(WINDSOR, ON) – The Art Gallery of Windsor has announced the installation of three new exhibitions available through to January 22, 2017. Occupying the 2nd and 3rd floors at the AGW, the exhibitions include a retrospective of works by Brenda Francis Pelkey, a multi-media presentation from Governor General’s Award winners Lisa Steele and Kim Tomczak, and a celebration of Ojibwa artist Carl Beam featuring works held by the gallery.
“These exhibitions explore concerns important to the Gallery’s on-going commitments to cutting edge contemporary art programming,” said Catharine Mastin, the director of the Art Gallery of Windsor. “The three shows bring together culturally diverse and feminist viewpoints and they offer visitors the opportunity to appreciate contemporary art produced by artists couples, artist families, and artist collaborations.”
Four Directions is a showcase of Beam’s works acquired and held by the AGW. Referring to the four directions of Indigenous cultures, the works look at issues and politics from the perspective of First Nations.
“The exhibition includes many figurative works from the artist’s major body of portraiture that developed between 2000 and 2002 … including portraits of Louis Riel and Jim Thorpe,” explained exhibition curator Jaclyn Meloche. “The biographies of these subjects suggest some of the struggles of Canada’s First Nations people to achieve recognition.”
Known for their work in time-based media, Steele and Tomczak’s The Long Time incorporates multi-screen projection that brings together three video components that has been 12 years in the making. Additionally, a 3-channel video is included in the installation, which will be featured at the Gallery as well as in various public art locales in Windsor and Detroit, where the movement through time is as much a part of the art as the visual representation.
“They have a very specific way of seeing the world,” said Paul Wong, curator of the Steele and Tomczak portion of the exhibition. “As older, wiser artists their show includes people starting out in the world and they’re also considering what happens when we leave this world.”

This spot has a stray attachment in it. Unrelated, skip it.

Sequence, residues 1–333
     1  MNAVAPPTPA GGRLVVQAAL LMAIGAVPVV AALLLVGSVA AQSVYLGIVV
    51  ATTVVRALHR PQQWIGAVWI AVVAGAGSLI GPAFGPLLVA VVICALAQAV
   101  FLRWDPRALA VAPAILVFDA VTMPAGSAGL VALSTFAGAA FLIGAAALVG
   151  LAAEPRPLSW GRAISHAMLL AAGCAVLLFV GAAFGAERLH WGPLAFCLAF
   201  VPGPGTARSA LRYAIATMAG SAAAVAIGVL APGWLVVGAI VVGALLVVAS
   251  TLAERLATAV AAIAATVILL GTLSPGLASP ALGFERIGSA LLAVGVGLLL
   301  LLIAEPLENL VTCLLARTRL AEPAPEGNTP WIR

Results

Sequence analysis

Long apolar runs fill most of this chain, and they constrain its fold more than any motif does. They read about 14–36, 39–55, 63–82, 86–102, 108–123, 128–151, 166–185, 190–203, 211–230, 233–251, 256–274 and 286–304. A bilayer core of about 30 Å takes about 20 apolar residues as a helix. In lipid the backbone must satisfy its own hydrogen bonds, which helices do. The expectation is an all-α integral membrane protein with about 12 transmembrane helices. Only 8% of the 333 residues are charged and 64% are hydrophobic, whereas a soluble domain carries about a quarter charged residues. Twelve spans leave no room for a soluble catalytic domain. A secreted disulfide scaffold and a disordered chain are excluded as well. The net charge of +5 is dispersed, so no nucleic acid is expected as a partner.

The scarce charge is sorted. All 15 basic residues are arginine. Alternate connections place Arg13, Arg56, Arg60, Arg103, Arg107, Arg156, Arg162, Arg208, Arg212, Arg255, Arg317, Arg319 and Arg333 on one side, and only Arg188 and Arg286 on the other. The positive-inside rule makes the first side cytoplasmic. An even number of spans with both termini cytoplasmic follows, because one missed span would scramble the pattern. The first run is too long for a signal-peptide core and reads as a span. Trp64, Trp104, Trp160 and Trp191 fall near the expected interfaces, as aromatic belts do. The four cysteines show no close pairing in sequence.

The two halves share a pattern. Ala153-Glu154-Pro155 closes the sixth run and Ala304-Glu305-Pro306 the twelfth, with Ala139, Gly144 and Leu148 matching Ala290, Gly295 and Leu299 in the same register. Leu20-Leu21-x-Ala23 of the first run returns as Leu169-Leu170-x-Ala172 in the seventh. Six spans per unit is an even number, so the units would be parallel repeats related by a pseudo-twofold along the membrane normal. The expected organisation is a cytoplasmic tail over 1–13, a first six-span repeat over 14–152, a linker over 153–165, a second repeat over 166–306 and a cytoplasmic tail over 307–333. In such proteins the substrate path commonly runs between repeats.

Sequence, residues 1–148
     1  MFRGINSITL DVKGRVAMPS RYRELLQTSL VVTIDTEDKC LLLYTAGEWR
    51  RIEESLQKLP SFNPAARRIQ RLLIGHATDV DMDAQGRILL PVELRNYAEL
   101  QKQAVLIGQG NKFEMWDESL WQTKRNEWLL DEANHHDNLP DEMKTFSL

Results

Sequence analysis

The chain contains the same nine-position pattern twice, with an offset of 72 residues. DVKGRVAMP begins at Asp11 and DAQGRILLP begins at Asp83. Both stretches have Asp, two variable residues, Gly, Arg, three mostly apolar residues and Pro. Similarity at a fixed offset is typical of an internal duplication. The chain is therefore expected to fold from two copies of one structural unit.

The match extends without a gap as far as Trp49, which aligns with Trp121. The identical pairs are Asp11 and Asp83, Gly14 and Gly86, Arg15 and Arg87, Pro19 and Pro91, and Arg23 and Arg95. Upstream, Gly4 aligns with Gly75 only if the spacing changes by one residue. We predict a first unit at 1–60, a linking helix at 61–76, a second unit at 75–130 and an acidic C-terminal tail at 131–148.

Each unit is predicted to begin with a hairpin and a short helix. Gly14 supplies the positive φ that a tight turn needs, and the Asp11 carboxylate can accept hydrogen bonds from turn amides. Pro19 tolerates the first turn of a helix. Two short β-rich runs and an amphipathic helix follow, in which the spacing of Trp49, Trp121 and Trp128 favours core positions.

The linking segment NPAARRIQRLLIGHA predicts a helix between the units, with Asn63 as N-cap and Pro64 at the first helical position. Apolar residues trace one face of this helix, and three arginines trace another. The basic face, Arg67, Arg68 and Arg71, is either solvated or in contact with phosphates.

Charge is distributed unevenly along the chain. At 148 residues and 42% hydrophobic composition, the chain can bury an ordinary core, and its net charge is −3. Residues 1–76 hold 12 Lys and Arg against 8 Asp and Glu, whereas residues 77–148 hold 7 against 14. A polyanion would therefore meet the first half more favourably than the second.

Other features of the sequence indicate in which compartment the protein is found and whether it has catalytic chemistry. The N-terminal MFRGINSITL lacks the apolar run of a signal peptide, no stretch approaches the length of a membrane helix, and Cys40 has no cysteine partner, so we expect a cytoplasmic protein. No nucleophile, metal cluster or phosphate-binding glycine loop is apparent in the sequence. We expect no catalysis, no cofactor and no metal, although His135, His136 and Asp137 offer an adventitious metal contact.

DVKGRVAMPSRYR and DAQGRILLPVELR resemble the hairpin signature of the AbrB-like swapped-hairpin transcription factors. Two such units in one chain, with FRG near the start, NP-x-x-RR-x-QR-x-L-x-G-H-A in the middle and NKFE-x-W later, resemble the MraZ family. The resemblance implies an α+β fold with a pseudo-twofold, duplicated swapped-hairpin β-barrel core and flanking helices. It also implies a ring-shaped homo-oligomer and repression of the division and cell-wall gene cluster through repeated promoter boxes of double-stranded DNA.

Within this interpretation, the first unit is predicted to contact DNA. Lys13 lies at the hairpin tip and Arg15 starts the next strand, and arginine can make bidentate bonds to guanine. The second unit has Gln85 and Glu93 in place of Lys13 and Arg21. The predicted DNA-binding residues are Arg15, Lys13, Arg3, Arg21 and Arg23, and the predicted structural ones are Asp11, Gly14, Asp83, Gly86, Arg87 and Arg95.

Lastly, but occupying the largest space of the three exhibitions, Pelkey’s retrospective is the first in her career, and features her early black and white work, looking at industrial subjects, as well as more recent interior photography of local institutions across Canada, including Windsor.
“Hers is an art practice informed by the many locations she has lived in across Canada during her youth and professional life,” said Mastin, the curator of the Pelkey retrospective. “The works in this exposition are formed by these biographical experiences and also by ideas of social geography and psychology.”
Now a resident of Windsor, Pelkey’s youth comprised of many moves across necessitated by her father’s military career. She continued the routine of moving from place to place and the experiences gathered transferred seamlessly into her interiors pieces.
“I started to think about sites that had a psychological impact on the way that we live. What could those spaces be that affect and influence us,” Pelkey said. “So I started thinking about bars, where anything can happen, good bad, or ugly, and hospital rooms, court rooms, spaces where things can shift.”
The fall and winter exhibitions opened October 22 and will be available for viewing during regular gallery hours of Wednesday through Sunday from 11:00am to 5:00pm, until January 22.